Mesopotamian Culture

The prefix meso originates from the Greek work, middle. Mesoamerican culture, as well as Mesopotamian, sprang up in the heart of their respective locations. Shared regional settlement is only one of the multiple similarities that these two early civilizations share. This essay will discuss not only the similarities of art and architecture, but also will discuss fundamental differences that occur.
The Olmec civilization thrived from c. 1500 BC to 400 BC, in the modern day Mexican states of Veracruz and Tabasco. Due to lack of archaeological evidence, the Olmec’s origin of ethnic identity is unknown. There is such a lack of knowledge that researchers still are unaware of the name this group of people referred to themselves as. The title Olmec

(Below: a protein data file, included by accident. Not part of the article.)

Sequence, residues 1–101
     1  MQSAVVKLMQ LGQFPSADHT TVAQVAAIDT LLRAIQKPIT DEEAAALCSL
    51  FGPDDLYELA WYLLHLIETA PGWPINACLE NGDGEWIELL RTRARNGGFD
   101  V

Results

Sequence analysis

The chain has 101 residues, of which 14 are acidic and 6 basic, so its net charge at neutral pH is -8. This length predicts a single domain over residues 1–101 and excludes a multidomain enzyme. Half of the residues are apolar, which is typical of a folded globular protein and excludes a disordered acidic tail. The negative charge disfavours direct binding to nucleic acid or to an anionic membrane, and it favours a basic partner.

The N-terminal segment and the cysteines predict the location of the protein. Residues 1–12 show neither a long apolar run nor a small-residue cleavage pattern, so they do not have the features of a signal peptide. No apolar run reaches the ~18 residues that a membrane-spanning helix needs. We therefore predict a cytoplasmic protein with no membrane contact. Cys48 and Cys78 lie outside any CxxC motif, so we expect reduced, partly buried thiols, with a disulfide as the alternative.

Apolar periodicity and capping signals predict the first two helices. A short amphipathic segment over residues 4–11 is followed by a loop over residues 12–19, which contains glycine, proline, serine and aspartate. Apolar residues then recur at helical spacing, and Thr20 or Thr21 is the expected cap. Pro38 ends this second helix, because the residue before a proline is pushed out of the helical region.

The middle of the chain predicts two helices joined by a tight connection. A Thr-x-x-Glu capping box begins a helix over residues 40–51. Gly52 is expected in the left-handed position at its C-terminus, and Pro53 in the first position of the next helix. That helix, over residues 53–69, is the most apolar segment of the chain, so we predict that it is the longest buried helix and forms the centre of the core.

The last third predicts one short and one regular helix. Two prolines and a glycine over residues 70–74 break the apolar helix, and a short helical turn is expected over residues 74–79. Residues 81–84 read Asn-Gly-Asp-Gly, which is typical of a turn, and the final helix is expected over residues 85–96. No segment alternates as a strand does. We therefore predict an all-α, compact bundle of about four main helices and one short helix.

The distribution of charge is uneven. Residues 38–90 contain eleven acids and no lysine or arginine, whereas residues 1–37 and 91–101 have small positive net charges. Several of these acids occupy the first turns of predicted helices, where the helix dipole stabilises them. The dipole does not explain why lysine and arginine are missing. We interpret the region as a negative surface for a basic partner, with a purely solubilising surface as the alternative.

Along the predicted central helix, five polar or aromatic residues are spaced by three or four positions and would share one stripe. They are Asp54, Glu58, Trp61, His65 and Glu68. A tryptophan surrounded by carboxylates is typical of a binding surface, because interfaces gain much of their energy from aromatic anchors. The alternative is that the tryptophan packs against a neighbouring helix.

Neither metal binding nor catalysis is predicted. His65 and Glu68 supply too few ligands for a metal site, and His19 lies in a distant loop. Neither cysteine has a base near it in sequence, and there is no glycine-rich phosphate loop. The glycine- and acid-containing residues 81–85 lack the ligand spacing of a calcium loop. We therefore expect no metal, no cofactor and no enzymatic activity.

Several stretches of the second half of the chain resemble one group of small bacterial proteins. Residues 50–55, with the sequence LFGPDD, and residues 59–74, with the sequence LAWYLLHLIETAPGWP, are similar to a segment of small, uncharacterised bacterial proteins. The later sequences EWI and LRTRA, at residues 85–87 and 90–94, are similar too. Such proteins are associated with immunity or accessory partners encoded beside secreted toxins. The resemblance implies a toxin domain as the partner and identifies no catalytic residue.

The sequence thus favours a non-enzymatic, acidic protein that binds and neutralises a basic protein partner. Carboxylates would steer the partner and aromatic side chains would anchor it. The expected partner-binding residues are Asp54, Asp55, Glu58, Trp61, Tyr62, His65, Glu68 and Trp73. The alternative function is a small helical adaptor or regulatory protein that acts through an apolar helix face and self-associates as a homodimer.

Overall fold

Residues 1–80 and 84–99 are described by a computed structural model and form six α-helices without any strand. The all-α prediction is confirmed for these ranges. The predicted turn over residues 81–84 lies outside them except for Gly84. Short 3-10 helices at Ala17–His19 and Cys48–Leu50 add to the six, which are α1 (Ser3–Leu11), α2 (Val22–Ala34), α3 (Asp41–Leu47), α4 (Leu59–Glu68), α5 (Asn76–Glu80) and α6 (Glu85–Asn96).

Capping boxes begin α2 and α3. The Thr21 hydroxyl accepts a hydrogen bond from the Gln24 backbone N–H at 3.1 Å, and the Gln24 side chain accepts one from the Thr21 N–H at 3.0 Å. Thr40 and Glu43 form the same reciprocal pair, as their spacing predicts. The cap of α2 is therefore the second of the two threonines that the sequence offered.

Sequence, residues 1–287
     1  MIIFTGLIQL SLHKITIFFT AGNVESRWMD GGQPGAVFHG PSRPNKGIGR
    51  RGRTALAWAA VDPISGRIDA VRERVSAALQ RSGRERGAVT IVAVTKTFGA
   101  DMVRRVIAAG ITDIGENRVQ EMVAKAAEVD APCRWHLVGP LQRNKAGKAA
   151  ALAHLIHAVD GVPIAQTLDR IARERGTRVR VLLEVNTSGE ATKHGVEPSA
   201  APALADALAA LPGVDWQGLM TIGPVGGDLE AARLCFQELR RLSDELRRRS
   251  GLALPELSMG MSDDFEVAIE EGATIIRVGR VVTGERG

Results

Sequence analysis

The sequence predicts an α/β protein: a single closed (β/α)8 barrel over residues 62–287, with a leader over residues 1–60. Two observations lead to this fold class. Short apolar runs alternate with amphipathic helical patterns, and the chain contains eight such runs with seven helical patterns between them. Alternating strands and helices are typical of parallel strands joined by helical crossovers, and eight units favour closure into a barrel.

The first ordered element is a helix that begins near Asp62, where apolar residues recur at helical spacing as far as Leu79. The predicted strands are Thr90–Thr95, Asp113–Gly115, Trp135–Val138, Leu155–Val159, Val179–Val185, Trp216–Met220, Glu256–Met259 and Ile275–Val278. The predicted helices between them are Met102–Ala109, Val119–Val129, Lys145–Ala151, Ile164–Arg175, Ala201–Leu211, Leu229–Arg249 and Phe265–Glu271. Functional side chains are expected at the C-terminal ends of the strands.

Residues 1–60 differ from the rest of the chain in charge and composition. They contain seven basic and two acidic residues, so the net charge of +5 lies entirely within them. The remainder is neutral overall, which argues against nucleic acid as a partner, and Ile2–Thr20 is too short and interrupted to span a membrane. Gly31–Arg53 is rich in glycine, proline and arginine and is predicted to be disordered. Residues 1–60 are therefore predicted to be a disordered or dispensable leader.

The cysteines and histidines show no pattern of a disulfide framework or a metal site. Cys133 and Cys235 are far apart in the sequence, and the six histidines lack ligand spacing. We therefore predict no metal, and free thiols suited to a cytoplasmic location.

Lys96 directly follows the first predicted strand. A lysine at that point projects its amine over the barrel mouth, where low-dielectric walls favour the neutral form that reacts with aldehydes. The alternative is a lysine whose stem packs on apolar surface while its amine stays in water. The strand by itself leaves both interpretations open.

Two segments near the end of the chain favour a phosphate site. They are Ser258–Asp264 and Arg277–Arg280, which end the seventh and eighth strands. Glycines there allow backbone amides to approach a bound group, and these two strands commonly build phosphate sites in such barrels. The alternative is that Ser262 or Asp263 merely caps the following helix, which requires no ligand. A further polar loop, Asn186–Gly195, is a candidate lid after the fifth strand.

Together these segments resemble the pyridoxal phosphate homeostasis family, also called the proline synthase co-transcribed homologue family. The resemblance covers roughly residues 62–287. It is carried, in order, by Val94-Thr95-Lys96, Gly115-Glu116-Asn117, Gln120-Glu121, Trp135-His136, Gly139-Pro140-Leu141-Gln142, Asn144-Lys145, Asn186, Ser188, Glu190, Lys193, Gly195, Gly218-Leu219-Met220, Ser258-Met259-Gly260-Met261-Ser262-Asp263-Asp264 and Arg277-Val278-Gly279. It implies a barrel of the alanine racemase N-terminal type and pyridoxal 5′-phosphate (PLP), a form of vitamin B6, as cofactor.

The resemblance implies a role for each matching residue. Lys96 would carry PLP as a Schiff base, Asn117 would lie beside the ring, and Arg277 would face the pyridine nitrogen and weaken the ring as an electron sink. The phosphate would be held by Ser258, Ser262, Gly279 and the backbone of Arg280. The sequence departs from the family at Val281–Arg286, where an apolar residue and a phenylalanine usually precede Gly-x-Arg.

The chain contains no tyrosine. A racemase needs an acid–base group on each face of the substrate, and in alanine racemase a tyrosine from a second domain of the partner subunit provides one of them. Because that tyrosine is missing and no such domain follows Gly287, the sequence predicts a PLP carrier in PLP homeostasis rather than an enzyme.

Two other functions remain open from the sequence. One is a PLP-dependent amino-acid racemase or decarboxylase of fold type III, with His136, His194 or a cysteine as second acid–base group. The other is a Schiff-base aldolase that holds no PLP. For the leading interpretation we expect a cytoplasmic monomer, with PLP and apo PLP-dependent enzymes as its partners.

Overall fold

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For the Olmecs and the Sumerians, it was through a temple placed on man-made elevated structures. The elevated stature of these temples in both cultures is consistent with the widespread belief of the god’s residing in the sky. The elevations also increases The Sumerians built ziggurats, which are temple platforms constructed out of mud bricks. (Kleiner 33). The Olmecs similarly created a mound similarly out of local clay, where they placed a perishable shrine(Miller 35). The use of clay for both platforms is significant, due to the materials inevitable erosion from the elements, each culture still constructed these places of worship for their deities. This demonstrates how important the notion of a religion was to the culture. The White Temple and ziggurat of Uruk(Kleiner Fig 2-2) is forty feet above ground level, looking over the city center. The structure had several chambers, and waiting rooms where priests would wait for the gods’ to descend from the heavens. The stairway that leads up to the temple, but does not end at the front of the temple instead changing direction a few times, using a bent-axis plan, that is normal for the Sumerians temple structure(Kleiner 33). The Olmec’s structure is at La Venta, and is theorized to either be an homage to the Central Mexican volcano, or could simply be the erosion of a pyramid shaped platform(Miller Fig. 22). With either design, the elevation was used as a shrine. Unlike the Sumerians who used their temple as a place of worship and waiting, The Olmecs used theirs as an offering space, and perhaps a burial place. In the 1950a, archaeologists found burials under other structures in La Venta, but failed to excavate the main mound which is theorized to be the burial of one of the individuals portrayed on one of the colossal head sculptures of La Venta(Miller

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